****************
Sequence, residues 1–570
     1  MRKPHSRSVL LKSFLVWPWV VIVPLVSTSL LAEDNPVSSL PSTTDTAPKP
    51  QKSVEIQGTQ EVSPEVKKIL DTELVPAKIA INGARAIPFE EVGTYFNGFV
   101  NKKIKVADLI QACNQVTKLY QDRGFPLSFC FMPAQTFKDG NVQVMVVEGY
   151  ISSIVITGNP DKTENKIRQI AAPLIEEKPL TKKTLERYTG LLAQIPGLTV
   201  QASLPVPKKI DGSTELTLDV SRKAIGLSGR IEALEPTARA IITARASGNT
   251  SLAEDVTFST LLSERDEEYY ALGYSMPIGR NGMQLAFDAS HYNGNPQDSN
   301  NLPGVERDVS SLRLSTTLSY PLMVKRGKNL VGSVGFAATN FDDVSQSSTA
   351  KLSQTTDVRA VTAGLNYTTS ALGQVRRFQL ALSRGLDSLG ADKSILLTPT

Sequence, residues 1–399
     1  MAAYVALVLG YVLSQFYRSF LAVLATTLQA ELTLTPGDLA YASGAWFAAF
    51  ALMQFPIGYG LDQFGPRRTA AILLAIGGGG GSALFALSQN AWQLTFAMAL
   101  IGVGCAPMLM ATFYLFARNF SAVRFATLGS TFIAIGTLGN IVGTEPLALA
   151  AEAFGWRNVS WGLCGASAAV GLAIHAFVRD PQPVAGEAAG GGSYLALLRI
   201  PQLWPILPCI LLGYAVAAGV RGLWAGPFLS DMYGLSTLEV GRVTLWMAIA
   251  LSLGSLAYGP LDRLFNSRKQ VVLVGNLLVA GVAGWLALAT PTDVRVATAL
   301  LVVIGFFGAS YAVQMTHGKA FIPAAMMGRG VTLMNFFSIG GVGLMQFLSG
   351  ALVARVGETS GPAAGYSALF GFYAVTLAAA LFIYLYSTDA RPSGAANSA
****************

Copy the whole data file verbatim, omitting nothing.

Sequence, residues 1–570
     1  MRKPHSRSVL LKSFLVWPWV VIVPLVSTSL LAEDNPVSSL PSTTDTAPKP
    51  QKSVEIQGTQ EVSPEVKKIL DTELVPAKIA INGARAIPFE EVGTYFNGFV
   101  NKKIKVADLI QACNQVTKLY QDRGFPLSFC FMPAQTFKDG NVQVMVVEGY
   151  ISSIVITGNP DKTENKIRQI AAPLIEEKPL TKKTLERYTG LLAQIPGLTV
   201  QASLPVPKKI DGSTELTLDV SRKAIGLSGR IEALEPTARA IITARASGNT
   251  SLAEDVTFST LLSERDEEYY ALGYSMPIGR NGMQLAFDAS HYNGNPQDSN
   301  NLPGVERDVS SLRLSTTLSY PLMVKRGKNL VGSVGFAATN FDDVSQSSTA
   351  KLSQTTDVRA VTAGLNYTTS ALGQVRRFQL ALSRGLDSLG ADKSILLTPT

Sequence, residues 1–399
     1  MAAYVALVLG YVLSQFYRSF LAVLATTLQA ELTLTPGDLA YASGAWFAAF
    51  ALMQFPIGYG LDQFGPRRTA AILLAIGGGG GSALFALSQN AWQLTFAMAL
   101  IGVGCAPMLM ATFYLFARNF SAVRFATLGS TFIAIGTLGN IVGTEPLALA
   151  AEAFGWRNVS WGLCGASAAV GLAIHAFVRD PQPVAGEAAG GGSYLALLRI
   201  PQLWPILPCI LLGYAVAAGV RGLWAGPFLS DMYGLSTLEV GRVTLWMAIA
   251  LSLGSLAYGP LDRLFNSRKQ VVLVGNLLVA GVAGWLALAT PTDVRVATAL
   301  LVVIGFFGAS YAVQMTHGKA FIPAAMMGRG VTLMNFFSIG GVGLMQFLSG
   351  ALVARVGETS GPAAGYSALF GFYAVTLAAA LFIYLYSTDA RPSGAANSA